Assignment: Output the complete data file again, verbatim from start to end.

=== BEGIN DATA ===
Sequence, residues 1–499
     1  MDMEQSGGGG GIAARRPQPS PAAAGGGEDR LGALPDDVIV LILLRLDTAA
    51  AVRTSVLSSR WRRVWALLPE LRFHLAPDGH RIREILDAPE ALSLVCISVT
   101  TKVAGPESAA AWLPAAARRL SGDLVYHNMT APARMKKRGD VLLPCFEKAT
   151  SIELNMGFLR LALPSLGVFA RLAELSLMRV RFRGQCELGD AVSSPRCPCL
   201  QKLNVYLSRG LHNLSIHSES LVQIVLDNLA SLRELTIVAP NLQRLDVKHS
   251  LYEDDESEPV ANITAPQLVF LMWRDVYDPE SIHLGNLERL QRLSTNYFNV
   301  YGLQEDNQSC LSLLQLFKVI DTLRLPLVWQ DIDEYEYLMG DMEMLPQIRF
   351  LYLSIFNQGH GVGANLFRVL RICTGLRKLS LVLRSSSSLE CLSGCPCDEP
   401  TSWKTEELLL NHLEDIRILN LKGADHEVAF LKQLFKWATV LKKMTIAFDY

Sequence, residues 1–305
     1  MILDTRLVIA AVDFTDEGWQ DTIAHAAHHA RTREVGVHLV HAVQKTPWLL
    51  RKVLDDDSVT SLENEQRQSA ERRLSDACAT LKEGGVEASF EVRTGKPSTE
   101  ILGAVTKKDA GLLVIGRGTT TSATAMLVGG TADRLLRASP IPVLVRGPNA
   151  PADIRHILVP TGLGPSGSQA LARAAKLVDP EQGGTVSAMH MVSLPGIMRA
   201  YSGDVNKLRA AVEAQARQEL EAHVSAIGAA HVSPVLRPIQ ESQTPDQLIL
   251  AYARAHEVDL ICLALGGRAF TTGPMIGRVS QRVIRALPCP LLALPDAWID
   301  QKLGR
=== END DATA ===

Sequence, residues 1–499
     1  MDMEQSGGGG GIAARRPQPS PAAAGGGEDR LGALPDDVIV LILLRLDTAA
    51  AVRTSVLSSR WRRVWALLPE LRFHLAPDGH RIREILDAPE ALSLVCISVT
   101  TKVAGPESAA AWLPAAARRL SGDLVYHNMT APARMKKRGD VLLPCFEKAT
   151  SIELNMGFLR LALPSLGVFA RLAELSLMRV RFRGQCELGD AVSSPRCPCL
   201  QKLNVYLSRG LHNLSIHSES LVQIVLDNLA SLRELTIVAP NLQRLDVKHS
   251  LYEDDESEPV ANITAPQLVF LMWRDVYDPE SIHLGNLERL QRLSTNYFNV
   301  YGLQEDNQSC LSLLQLFKVI DTLRLPLVWQ DIDEYEYLMG DMEMLPQIRF
   351  LYLSIFNQGH GVGANLFRVL RICTGLRKLS LVLRSSSSLE CLSGCPCDEP
   401  TSWKTEELLL NHLEDIRILN LKGADHEVAF LKQLFKWATV LKKMTIAFDY

Sequence, residues 1–305
     1  MILDTRLVIA AVDFTDEGWQ DTIAHAAHHA RTREVGVHLV HAVQKTPWLL
    51  RKVLDDDSVT SLENEQRQSA ERRLSDACAT LKEGGVEASF EVRTGKPSTE
   101  ILGAVTKKDA GLLVIGRGTT TSATAMLVGG TADRLLRASP IPVLVRGPNA
   151  PADIRHILVP TGLGPSGSQA LARAAKLVDP EQGGTVSAMH MVSLPGIMRA
   201  YSGDVNKLRA AVEAQARQEL EAHVSAIGAA HVSPVLRPIQ ESQTPDQLIL
   251  AYARAHEVDL ICLALGGRAF TTGPMIGRVS QRVIRALPCP LLALPDAWID
   301  QKLGR